Jesus then promises there is a peace He gives. The word “gives” is in the continual present. It is the shepherding care of Jesus for His disciples in this life. The Bible teaches that life is not random, nothing can come into a Christian’s life apart from the permission of God and for everything that comes into a Christian’s life there is a grace that will enable a Christian not only to make it but to do so triumphantly (Romans 8:37-39). Thus we do not fear what life might bring because we know Jesus is with us, and He will shepherd us through it with His life abundant.
While life for a Christian is not random, we know that God’s will for each of us is unique (John 21:22). We know that in other worldwide pandemics or plagues in the past, some Christians have caught the plague and died. Some Christians have caught the disease and recovered. Some were exposed and did not develop the disease. God has purpose in each life. We saw in the Early Church in Acts that when persecution came, God’s will for each was different. James, the brother of John, was the first Apostle martyred. Peter was miraculously delivered from prison at the same time. John, the brother of James, was the only Apostle to die a natural death which he did as an old man. The difference was not the faith of any one of them but that the will of God was unique for each, as it is for us.
We also know as Christians that God is at work in all things in the lives of those who love Him and called according to His purpose. It doesn’t say all things are good, because some terrible things will happen to Christians. We have to understand what God considers to be good. God has only one definition of good, and that is to know Him and His love in Jesus Christ. Since that is the only good, there can only be one thing that could happen that is evil, and that is if there is anything that could separate us from God and His love. The rest of Romans 8 declares that nothing in this life or in the life to come will separate us from the love of God in Christ Jesus.
We also know the good God is doing in all things. We know that God is at work bringing us more and more into intimacy in our relationship with Him (Romans 8:28). We know that God is at work making us more like Jesus (Romans 8:29). All the difficulties in life are part of His refining work on our character. We know that in all things God is at work in our lives to be a witness to others (Romans 8:36). Crisis becomes a great time for us to proclaim the reason for the hope we have in Jesus (1 Peter 3:15). We also know that going through times of crisis and finding the help of God in it equips us to share with others how they also can find that comfort (2 Corinthians 1:3-7). We have relevance not because God kept us from all the hard times, but because we have a witness of how God keeps us through all the hard times.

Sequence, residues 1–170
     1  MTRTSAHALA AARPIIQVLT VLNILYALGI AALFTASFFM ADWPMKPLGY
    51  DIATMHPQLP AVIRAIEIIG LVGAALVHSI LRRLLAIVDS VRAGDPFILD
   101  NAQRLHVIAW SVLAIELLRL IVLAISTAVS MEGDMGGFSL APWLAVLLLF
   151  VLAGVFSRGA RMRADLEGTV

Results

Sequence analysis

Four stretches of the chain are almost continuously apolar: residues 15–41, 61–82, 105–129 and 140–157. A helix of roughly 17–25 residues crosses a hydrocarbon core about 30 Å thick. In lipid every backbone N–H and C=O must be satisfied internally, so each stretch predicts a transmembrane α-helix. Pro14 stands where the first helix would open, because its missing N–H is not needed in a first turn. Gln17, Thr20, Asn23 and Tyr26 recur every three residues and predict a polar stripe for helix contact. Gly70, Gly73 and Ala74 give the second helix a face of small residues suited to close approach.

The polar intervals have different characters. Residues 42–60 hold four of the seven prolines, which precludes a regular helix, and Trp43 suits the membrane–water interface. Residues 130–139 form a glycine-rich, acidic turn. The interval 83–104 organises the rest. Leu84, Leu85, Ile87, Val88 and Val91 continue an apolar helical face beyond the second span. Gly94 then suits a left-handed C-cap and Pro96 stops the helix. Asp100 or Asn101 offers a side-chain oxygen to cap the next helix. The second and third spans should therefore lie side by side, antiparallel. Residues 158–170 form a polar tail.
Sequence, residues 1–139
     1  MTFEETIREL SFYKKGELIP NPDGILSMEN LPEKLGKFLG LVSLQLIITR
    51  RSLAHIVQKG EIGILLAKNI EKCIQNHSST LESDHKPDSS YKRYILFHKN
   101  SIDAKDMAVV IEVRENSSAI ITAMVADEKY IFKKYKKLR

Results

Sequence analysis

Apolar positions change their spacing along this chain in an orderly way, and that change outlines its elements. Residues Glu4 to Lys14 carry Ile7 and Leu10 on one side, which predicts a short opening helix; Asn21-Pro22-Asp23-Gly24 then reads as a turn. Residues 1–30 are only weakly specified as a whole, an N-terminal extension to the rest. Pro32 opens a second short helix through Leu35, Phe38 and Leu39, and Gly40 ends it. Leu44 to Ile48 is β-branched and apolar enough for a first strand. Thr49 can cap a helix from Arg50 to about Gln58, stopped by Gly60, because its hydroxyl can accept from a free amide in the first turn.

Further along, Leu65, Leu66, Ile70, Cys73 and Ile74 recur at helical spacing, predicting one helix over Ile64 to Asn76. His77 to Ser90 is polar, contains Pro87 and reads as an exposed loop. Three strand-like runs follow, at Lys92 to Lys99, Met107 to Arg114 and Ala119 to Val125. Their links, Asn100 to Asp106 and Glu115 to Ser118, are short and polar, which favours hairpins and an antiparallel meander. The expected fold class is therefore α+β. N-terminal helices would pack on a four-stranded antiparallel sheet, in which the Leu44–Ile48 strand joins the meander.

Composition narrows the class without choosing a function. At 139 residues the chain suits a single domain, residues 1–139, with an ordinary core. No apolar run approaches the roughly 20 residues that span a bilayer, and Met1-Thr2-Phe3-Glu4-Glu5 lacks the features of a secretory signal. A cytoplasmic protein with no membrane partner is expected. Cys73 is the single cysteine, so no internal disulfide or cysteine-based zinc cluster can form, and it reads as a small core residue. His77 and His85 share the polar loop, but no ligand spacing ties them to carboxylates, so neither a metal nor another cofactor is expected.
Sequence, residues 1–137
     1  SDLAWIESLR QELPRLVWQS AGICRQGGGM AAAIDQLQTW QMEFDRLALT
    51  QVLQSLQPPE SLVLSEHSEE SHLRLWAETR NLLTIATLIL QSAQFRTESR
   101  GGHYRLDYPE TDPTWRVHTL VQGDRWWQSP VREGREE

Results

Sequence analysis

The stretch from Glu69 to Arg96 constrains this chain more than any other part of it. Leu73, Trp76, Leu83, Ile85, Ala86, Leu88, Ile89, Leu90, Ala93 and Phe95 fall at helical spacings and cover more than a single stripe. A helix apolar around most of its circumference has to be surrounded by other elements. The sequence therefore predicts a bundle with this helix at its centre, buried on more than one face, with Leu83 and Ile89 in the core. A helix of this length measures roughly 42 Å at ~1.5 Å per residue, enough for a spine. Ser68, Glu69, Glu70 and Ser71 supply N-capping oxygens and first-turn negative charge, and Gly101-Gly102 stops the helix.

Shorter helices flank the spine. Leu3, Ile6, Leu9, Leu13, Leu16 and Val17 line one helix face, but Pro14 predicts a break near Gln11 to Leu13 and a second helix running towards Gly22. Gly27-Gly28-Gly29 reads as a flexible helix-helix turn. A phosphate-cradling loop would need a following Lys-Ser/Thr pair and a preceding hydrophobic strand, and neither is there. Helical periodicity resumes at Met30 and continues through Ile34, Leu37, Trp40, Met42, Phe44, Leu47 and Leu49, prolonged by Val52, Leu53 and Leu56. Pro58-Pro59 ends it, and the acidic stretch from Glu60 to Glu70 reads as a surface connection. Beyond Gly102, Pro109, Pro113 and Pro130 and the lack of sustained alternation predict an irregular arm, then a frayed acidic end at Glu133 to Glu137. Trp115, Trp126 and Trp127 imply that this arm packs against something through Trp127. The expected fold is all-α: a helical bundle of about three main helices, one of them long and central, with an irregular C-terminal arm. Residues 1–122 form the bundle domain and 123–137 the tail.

As Christians we also know that this worldwide disease and resulting economic crisis is a sign of the times and that God is bringing all things to their grand climax. Jesus warned us that in the last days there will be times of increasing crisis. Creation is like a woman in the last stages of birth: the closer to the end, the more frequent and intense are the birth pangs (Matthew 24:8). Absolutely everything the Bible described about the last generation are true right now. The key has been the focus on Jerusalem the capital of a reborn Israel. But all the other supporting signs are only increasing. We are not in the final seven years of the Great Tribulation, but we are so close you can feel its coming like thunder of an approaching storm that is getting closer and closer. We know from Revelation 6:7-8 that the fourth horseman of the Apocalypse will bring through sword, famine, pestilence, and wild beasts will bring death to a fourth of the world population. We are at 7.7 billion right now, which means we will see the death of close to 2 billion people. The world’s woe in their rebellion against Jesus are unfortunately just getting
We also know the futility of any one nation to protect against the virus is leading the opportunity for a world super leader to come in with a plan to bring the nations together. We know the global economy is so interrelated that economies won’t prosper unless a world wide plan is embraced. I expect soon for a surprising world leader to be offered with support by other world leaders and the world’s religious leaders. This is a plan long ago developed just waiting for the right world crisis that will create the opportunity.
For Christians this is a time to stay calm. It is a time to be wise. It is a time to be bold with our hope in Christ. It is a time for compassion and help for those who are suffering. It is a time to be bold in the witness of the hope we have in the Gospel of our Lord Jesus. It is a time to pray. It is a time to look up, for the coming of Jesus is so soon.